Table 1. Composition and nutritional value of some tree leaves (g/kg dry matter)

  Trichanthera1 Mulberry2 Taro3
Ash 155 118 128
Crude protein 210 182 235
Digestible protein 84 69 82
Total fibre 400 248 275
Calcium 60 22 22
Digestible energy (kcal/kg DM)
- in growing pigs 1700 1800 2100
- in sows 1900 2700 2700

1, Trichanthera gigantea; 2, Morus alba; 3, Xanthosoma saggitifolium

The project helped to define the amount of foliage that pigs were able to ingest. Tree leaves of any of the three species mentioned in Table 1 can account for up to 30% of a sow's diet. It also showed that leaf proteins are well balanced in amino acids but are poorly digested (<50%). So proteins are not deficient in any essential amino acid, such as lysine, tryptophan or methionine but their supply to the animals body is not very high. One of the most interesting observations was that tree leaves are good sources of minerals, especially calcium. Minerals are generally limited in tropical animal feeding and deficiencies affect the performance of animals, especially reproduction. This problem, to a great extent, is overcome by using tree leaves. Small farmers confirmed that sows fed with tree leaves had better body condition; grew at a higher rate; come into oestrus more easily and had vigorous piglets. One of the trees, Trichanthera gigantea, was particularly attractive in this respect. It contains approximately 6 % calcium, on a dry basis and with only 0.5 kg dry leaves per day, it was possible to meet the high calcium requirements of lactating sows!

Pig weight registration during a growth experiment in a pilot-farm Many farmers who visited the pilot-farms established through the project, showed interest in establishing pig production systems based on feeding tree leaves and other locally available and reasonably priced resources. Initially, they were interested in producing their own feeds using ingredients available locally so as to reduce the use of commercial concentrated feed. Growing pigs fed with 1.4 kg/day of commercial feed, 2 kg of whole sugarcane and 3 kg fresh tree foliage, produced an average daily gain of 500 g per day. The added tree foliage allows a reduction of 30 kg in commercial feed during the whole growth period, without sacrificing the growth rate achieved on feeding all-concentrate diet.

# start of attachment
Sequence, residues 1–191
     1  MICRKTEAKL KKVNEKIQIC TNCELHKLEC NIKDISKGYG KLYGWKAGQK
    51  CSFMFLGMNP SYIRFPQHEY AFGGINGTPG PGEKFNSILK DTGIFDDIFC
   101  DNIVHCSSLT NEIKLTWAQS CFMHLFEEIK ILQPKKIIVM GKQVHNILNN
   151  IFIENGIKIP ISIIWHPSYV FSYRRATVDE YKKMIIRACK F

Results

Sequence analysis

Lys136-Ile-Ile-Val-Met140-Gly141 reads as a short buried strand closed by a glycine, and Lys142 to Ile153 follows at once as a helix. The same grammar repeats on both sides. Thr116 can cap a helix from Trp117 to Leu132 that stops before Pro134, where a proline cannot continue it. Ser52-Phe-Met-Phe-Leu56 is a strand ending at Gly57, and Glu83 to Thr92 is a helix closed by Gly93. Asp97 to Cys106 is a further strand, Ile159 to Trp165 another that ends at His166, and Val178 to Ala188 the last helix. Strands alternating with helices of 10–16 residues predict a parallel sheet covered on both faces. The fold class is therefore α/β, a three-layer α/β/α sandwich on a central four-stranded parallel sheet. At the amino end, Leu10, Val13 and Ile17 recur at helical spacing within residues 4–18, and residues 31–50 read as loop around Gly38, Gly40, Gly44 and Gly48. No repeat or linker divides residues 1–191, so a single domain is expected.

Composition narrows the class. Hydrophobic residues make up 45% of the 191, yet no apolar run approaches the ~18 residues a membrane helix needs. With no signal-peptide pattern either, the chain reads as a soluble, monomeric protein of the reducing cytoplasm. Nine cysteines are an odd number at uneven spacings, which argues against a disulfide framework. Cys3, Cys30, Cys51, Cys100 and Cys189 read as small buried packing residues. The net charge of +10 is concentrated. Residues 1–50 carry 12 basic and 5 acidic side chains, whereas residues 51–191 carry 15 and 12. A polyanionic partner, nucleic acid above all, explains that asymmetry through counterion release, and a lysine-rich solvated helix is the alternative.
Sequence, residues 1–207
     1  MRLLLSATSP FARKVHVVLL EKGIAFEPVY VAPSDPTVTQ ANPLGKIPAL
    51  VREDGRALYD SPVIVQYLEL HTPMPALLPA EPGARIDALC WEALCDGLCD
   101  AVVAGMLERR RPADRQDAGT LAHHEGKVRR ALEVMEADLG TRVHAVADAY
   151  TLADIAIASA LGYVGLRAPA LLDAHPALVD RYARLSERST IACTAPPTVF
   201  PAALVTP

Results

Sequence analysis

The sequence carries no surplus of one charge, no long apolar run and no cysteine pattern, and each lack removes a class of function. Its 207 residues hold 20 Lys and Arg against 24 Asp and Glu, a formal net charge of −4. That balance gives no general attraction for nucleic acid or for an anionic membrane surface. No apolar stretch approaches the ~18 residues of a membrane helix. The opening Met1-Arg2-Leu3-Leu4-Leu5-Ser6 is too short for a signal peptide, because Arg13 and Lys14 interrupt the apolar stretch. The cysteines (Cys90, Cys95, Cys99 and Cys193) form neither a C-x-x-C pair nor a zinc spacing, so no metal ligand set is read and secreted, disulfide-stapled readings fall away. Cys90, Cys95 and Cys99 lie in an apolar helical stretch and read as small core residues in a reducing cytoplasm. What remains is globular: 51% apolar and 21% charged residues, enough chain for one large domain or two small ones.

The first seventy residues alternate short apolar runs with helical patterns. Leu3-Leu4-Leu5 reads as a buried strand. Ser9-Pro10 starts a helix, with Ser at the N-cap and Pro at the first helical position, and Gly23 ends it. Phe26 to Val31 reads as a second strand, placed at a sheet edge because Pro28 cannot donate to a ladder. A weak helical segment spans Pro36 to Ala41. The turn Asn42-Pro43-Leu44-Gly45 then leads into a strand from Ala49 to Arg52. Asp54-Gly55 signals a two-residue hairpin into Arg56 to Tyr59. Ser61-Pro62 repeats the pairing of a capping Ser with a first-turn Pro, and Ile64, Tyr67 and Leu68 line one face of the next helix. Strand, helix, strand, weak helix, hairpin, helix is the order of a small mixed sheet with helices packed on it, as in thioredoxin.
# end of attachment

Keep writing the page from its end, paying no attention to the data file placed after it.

This saving of 30 kg of commercial feed reduces the cost of raising a pig by 15 %, i.e., $19 / pig. The cost for raising a pig to 100 kg body weight using concentrate feed is $129 and for using tree foliage is $110. With a selling price of 100 kg pig at only $137, the profit is $8 with the total concentrate-based diet and $27 with the tree foliage containing diet. It is therefore worth raising pigs by using tree leaves in the diets. On average, a smallholder raises 8 pigs, which gives an extra income of $216 per year. The farmers were also attracted by the stability offered by the system since once the trees have been grown, the leaves can be harvested at any time. The trees are usually used in rotation where branches of some trees are cut every day. When the branches from all trees have been cut, the first trees used have re-grown and are ready for another cutting. This system of using tree foliage is called protein bank because leaves are rich in protein and are available all the year round and can be harvested at any time (Figure 4). The recycling of pig manure on the fields also increases productivity significantly. The trees are generally resistant to diseases and an association of different species further reduces the occurrence of diseases.